# Cliques in overlap graphs for words

Let $$\Sigma$$ be a finite alphabet, and consider the free monoid $$\Sigma^*$$. Given $$w, w' \in \Sigma^*$$ we say that $$w$$ overlaps $$w'$$ if there exist non-empty words $$u, v, u'$$ such that $$w = uv$$ and $$w' = vu'$$. Given a finite set of words $$S$$, define the overlap graph $$OG(S)$$ to be the simple graph with vertex set $$S$$ and an edge between two words in $$S$$ if one overlaps the other. In general this is defined as a weighted directed graph but in this case I do not care about direction or size of the overlaps.

I would like to understand better the cliques in $$OG(S)$$. In particular, I would like to know:

1. Given a large enough clique, can we find a large subclique with some nicer properties?

2. Is there a bound on the chromatic number $$\chi(OG(S))$$ in terms of the clique number $$\omega(OG(S))$$ and $$| \Sigma |$$?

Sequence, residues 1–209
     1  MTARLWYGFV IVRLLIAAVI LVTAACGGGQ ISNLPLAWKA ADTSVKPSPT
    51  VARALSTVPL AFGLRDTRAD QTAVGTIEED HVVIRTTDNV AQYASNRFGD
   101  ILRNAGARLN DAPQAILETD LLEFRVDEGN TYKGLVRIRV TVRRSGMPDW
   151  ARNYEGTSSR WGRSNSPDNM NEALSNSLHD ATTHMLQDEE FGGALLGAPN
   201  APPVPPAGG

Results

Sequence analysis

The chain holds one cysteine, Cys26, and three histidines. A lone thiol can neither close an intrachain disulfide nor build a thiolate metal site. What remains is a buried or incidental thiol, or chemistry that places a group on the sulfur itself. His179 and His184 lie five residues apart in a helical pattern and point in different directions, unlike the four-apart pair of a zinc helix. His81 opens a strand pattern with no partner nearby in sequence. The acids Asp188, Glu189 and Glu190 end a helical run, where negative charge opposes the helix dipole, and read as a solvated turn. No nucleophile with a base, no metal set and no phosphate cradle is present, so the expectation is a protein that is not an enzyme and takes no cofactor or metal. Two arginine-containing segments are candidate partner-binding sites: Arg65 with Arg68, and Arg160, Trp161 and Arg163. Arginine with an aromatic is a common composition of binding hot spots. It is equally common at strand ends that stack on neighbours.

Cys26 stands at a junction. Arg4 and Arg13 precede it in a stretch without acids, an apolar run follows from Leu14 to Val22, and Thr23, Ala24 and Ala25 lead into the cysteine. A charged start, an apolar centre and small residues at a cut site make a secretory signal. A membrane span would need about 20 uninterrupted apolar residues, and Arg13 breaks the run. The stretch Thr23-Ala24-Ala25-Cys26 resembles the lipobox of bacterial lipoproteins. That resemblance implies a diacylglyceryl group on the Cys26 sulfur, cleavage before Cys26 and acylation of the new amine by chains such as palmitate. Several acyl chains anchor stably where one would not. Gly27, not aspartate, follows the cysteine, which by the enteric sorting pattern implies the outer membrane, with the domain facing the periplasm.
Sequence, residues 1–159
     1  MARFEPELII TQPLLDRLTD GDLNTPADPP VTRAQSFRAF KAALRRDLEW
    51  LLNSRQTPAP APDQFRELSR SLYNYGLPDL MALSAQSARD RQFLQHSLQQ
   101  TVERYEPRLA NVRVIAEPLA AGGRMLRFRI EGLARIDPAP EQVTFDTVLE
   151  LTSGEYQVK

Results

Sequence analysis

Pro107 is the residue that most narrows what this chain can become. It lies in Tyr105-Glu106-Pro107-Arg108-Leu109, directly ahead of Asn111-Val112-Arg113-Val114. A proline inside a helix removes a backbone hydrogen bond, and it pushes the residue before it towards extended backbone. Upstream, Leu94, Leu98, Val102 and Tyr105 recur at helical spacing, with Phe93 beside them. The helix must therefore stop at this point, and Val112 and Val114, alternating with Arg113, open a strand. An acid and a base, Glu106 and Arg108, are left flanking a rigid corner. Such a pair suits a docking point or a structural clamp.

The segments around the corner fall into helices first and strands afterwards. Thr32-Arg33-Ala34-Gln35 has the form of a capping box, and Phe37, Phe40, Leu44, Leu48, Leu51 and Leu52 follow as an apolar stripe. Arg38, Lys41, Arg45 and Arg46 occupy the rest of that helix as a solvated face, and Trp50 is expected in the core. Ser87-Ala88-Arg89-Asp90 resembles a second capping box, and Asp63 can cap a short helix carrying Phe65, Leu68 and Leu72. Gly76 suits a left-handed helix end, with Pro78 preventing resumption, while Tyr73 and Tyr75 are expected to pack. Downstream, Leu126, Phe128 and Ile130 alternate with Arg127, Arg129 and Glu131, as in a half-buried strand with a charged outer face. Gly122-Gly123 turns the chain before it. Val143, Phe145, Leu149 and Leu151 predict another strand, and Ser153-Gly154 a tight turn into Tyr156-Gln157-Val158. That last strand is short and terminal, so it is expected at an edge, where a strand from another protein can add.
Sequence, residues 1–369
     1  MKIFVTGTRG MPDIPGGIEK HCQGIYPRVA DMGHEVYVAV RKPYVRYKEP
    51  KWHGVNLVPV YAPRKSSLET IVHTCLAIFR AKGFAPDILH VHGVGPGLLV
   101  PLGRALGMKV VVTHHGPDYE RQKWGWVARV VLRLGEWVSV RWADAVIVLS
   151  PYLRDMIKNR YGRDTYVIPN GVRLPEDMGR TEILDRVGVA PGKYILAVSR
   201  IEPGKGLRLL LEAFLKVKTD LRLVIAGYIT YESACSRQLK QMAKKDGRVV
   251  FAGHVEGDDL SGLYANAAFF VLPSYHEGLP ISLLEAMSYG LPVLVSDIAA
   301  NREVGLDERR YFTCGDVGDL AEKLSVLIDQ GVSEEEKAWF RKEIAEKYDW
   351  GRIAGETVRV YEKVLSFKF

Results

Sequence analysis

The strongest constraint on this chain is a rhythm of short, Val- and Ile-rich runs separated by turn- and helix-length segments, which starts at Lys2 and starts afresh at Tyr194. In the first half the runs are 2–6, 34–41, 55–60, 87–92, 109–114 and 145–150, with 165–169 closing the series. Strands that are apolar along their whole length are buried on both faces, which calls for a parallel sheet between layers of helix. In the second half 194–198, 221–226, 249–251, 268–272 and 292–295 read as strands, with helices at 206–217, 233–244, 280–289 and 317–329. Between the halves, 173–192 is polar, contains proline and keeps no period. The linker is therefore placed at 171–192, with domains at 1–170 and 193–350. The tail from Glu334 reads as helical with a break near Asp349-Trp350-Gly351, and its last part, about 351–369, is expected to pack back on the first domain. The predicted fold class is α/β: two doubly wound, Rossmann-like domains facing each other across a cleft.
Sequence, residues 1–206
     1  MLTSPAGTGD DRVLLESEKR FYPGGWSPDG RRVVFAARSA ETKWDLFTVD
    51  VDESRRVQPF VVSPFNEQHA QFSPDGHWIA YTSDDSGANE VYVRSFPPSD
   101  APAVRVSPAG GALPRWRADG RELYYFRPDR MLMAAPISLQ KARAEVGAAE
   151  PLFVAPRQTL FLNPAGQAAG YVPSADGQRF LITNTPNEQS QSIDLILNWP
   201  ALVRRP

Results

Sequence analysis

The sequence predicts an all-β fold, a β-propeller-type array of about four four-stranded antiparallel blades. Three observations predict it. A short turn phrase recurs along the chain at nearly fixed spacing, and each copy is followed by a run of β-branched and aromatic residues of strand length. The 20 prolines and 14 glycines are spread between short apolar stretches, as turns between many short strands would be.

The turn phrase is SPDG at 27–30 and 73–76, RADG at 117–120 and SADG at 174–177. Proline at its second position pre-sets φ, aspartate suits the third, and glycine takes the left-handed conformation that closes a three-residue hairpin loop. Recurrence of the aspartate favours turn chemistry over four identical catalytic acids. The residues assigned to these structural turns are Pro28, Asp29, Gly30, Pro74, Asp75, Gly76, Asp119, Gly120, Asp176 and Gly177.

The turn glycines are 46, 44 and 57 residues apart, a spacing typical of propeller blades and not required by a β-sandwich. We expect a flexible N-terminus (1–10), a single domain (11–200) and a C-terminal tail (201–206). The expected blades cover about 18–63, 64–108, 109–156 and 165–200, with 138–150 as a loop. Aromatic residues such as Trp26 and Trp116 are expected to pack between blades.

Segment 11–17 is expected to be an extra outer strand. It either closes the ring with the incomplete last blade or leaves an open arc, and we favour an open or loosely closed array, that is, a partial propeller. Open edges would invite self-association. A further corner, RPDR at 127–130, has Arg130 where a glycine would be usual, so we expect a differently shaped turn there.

These questions can be asked with some additional hypotheses on the words in $$S$$. In particular:

1. What if all words in $$S$$ are unbordered? A word $$w$$ is bordered if there exist words $$u, v$$ such that $$w = uvu$$ and $$u \neq \epsilon$$.

2. What if all words in $$S$$ are Lyndon words? A word $$w$$ is Lyndon for a given total order $$\preceq$$ on $$\Sigma$$ if it is primitive (i.e., not a positive power of another word) and smaller than all of its proper suffixes for the corresponding lexicographic order. All Lyndon words are unbordered.

All partial answers, as well as links to relevant literature, are welcome.

At least one of the questions admit counterexamples. Namely, let $$\Sigma = \{a, b, c, d \}$$, and $$S = \{ ab^nc d ab^mc : n > m \}$$. Then all words in $$S$$ are Lyndon, $$OG(S)$$ is triangle-free and has infinite chromatic number. I can give more details if anyone is interested.